Transferrin glycoproteins bind iron very tightly, but reversibly. Although iron bound to transferrin is less than 0.1% (4 mg) of the total body iron, it is the most important iron pool, with the highest rate of turnover (25 mg/24 h). Transferrin has a molecular weight of around 80 KDa and contains two specific high-affinity Fe(III) binding sites. The affinity of transferrin for Fe(III) is extremely high (1023 M−1 at pH 7.4) but decreases progressively with decreasing pH below neutrality.
When not bound to iron, it is known as "apotransferrin" (see also apoprotein).
When a transferrin protein loaded with iron encounters a transferrin receptor on the surface of a cell (e.g., to erythroid precursors in the bone marrow), it binds to it and, as a consequence, is transported into the cell in a vesicle by receptor-mediated endocytosis. The pH of the vesicle is reduced by hydrogen ion pumps (H+ ATPases) to about 5.5, causing transferrin to release its iron ions. The receptor (with its ligand, transferrin, bound) is then transported through the endocytic cycle back to the cell surface, ready for another round of iron uptake. Each transferrin molecule has the ability to carry two iron ions in the ferric form (Fe3+ ).
In humans, transferrin consists of a polypeptide chain containing 679 amino acids. The protein is composed of alpha helices and beta sheets to form two domains. The N- and C- terminal sequences are represented by globular lobes and between the two lobes is an iron-binding site.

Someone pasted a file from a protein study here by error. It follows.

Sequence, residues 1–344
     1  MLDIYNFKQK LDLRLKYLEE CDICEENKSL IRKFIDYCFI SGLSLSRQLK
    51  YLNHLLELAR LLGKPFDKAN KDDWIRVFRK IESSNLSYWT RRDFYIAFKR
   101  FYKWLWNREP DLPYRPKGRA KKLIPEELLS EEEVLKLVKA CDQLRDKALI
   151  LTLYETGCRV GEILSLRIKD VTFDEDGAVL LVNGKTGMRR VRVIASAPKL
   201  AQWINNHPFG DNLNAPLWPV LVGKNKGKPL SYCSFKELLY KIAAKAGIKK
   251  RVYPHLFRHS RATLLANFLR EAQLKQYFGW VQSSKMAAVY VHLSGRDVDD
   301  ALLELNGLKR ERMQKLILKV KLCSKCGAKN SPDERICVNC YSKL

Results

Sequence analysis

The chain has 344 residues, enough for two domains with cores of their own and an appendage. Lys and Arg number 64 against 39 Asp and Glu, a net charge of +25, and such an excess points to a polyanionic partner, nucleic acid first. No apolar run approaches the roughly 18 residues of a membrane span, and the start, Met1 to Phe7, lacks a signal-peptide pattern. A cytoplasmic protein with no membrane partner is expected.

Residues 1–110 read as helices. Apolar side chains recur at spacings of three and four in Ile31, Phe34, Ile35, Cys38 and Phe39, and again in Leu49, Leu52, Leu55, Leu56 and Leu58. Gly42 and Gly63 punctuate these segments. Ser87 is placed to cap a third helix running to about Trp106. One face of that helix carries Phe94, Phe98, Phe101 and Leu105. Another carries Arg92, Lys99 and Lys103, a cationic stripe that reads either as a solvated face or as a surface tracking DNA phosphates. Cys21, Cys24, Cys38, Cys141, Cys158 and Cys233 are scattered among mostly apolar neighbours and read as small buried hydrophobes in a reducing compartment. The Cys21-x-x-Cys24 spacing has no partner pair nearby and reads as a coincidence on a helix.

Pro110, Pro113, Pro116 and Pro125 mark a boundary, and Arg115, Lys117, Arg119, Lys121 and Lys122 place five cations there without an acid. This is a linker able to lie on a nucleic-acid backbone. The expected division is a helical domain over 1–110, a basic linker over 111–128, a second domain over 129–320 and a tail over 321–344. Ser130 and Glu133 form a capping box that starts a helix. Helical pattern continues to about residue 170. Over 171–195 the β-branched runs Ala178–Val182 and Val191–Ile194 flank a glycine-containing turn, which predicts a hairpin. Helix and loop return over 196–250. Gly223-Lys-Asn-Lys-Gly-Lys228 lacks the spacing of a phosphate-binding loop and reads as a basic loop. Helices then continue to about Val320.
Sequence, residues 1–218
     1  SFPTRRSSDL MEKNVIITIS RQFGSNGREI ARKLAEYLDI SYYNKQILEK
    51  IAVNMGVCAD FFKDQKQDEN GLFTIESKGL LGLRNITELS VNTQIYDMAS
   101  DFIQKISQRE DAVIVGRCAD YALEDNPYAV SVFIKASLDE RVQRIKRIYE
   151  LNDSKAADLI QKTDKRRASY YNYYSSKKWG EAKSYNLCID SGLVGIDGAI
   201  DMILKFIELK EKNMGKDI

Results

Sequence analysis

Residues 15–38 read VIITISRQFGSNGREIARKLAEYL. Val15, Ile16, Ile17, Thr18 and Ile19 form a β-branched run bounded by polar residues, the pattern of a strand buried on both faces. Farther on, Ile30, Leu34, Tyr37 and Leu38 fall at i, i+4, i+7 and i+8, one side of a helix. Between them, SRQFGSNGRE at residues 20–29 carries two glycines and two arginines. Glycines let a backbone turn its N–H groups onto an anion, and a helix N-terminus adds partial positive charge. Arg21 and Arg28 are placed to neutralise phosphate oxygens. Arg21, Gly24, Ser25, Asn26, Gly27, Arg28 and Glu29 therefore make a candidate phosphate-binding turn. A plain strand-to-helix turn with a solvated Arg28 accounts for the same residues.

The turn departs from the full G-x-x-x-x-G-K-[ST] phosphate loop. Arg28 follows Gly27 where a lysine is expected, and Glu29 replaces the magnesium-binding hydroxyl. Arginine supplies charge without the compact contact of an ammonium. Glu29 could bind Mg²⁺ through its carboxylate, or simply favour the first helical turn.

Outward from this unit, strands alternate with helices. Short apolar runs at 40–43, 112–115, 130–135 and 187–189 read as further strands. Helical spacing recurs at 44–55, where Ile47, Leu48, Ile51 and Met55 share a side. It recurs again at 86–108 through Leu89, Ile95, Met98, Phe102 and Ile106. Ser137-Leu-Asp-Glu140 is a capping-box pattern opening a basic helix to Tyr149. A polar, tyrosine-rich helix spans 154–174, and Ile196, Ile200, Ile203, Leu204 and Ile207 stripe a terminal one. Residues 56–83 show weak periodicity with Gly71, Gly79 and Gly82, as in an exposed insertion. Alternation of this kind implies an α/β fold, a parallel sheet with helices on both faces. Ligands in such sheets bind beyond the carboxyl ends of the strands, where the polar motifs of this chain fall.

Transferrin also has a transferrin iron-bound receptor; it is a disulfide-linked homodimer. In humans, each monomer consists of 760 amino acids. It enables ligand bonding to the transferrin, as each monomer can bind to one or two molecules of iron. Each monomer consists of three domains: the protease, the helical, and the apical domains. The shape of transferrin receptor resembles a butterfly-like complex, due to the three clearly shaped domains.
The liver is the main site of transferrin synthesis, but other tissues and organs, such as the brain, also produce it. The main role of transferrin is to deliver iron from absorption centers in the duodenum and white blood cell macrophages to all tissues. Transferrin plays a key role where erythropoiesis and active cell division occur. The receptor helps maintain iron homeostasis in the cells by controlling iron concentrations.
Transferrin is also associated with the innate immune system. It is found in the mucosa and binds iron, thus creating an environment low in free iron that impedes bacterial survival in a process called iron withholding. The level of transferrin decreases in inflammation.
Transferrin imbalance can have serious health effects for those with low or high serum transferrin levels. A patient with an increased serum transferrin level often suffers from iron deficiency anemia. A patient with decreased plasma transferrin can suffer from iron overload diseases and protein malnutrition. An absence of transferrin results from a rare genetic disorder known as atransferrinemia; a condition characterized by anemia and hemosiderosis in the heart and liver that leads to many complications, including heart failure. Most recently, transferrin and its receptor have been shown to diminish tumour cells by using the receptor to attract antibodies.
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